An informal look at economics, finance, and statistics
Misplaced priorities: Despite record revenues, Portland’s transportation bureau is broke
The Oregonian reports that the Portland Bureau of Transportation proposes to stop repaving major roads for the next five years as part of its plan to cut $16 million from its upcoming budget. Such cuts would add to an already growing backlog of paving projects.
(I have tried to see how much the Portland’s paving backlog has grown under the current mayor. However, it seems that the city’s transportation bureau has either stopped counting or stopped reporting the backlog.)
A press release issued by the mayor’s office explains, in part, why the transportation bureau must cut its budget:
In the face of lower-than-projected gas tax receipts, the Bureau of Transportation must make permanent, significant cuts to match expenditures to revenues. Impending cuts come on the heels of a decade of transportation cuts for the city.
Notice that the problem is lower than projected gas tax revenues. The problem is not less money. The problem is less money than expected. It’s a bit like someone booking a cruise because they are expecting a raise only to find the raise didn’t come through.
Despite the lower projections, last year Portland saw the highest gas tax revenues in more than a decade, due mainly to a six-cents-a-gallon gas tax hike that went into effect statewide in January 2011. Going forward, according to financial documents issued in November 2011, the city projects ever increasing gas tax revenues over the next five years.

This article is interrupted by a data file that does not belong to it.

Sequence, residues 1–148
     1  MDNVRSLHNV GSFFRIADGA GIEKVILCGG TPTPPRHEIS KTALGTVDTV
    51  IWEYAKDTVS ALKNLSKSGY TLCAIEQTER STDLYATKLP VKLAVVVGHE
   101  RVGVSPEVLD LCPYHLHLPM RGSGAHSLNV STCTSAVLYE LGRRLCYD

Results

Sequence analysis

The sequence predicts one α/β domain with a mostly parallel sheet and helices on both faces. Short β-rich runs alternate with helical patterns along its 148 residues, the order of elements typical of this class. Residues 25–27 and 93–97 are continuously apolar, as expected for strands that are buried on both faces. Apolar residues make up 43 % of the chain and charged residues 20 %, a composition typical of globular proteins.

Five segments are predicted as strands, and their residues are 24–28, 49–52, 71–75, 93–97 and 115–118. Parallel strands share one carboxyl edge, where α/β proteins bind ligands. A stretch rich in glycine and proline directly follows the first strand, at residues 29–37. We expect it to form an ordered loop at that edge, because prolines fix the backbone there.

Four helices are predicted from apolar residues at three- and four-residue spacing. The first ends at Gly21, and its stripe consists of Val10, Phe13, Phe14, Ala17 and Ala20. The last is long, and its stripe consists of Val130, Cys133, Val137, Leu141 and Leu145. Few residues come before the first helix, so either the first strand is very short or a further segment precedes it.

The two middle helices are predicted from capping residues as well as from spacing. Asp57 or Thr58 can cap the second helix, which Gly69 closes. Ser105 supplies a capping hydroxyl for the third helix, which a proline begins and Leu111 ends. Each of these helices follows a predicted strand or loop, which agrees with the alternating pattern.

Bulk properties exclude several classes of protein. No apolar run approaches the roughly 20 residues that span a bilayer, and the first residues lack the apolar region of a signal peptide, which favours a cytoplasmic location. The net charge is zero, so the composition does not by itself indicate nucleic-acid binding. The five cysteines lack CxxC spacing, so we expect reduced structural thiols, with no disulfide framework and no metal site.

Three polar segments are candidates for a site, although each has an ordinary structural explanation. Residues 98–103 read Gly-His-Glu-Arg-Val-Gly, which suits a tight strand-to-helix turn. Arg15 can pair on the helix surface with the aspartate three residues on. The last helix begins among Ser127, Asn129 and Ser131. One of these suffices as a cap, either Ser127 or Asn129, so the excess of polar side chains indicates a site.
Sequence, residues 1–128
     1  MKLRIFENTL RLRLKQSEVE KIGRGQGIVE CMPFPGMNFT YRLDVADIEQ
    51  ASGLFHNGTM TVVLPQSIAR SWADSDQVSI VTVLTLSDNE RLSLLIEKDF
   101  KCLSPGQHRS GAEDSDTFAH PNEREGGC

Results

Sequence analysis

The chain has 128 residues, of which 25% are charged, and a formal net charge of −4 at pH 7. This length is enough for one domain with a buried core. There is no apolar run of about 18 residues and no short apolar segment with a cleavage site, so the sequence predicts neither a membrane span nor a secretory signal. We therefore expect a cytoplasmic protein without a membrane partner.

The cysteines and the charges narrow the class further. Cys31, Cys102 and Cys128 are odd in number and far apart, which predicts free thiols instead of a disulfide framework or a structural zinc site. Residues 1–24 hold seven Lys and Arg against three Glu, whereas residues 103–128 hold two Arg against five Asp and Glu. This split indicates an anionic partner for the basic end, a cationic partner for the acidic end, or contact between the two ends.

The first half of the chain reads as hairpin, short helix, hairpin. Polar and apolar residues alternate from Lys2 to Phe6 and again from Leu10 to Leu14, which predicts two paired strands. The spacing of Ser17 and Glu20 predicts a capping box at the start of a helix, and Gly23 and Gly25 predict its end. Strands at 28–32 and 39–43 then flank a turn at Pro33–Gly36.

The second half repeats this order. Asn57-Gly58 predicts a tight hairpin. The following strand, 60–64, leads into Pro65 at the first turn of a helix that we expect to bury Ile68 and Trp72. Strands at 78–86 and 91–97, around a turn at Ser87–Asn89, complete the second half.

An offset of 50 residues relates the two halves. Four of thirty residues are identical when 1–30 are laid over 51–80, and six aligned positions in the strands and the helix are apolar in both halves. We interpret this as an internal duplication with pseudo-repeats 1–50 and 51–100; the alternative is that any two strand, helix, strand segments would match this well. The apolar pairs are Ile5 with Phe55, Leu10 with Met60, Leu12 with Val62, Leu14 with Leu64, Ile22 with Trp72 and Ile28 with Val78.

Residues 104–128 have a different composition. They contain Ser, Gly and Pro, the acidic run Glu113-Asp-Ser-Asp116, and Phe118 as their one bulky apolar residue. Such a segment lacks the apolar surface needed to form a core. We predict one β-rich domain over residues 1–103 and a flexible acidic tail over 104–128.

It seems that Portland’s transportation bureau does not have a revenue problem, it has a spending problem. Even worse, some of the bureau’s biggest spending commitments have nothing to do with maintaining or improving streets:
Last year, the mayor set aside $8 million from new state gas tax revenue every year for 20 years (a total of $73.5 million), starting in 2013, to help fund the Sellwood Bridge rehab.
Over the next two years, the mayor chose to put $16 million of that new gas tax revenue into building new sidewalks.
The transportation bureau is also on the hook for $1.3 million a year for the Eastside Streetcar.
On top of that, the mayor has put the city in hock for $3.5 million a year (beginning in 2013) for debt service on the Portland-Milwaukie Light Rail line ($3.5 million a year, starting in 2013, for a total of $55 million).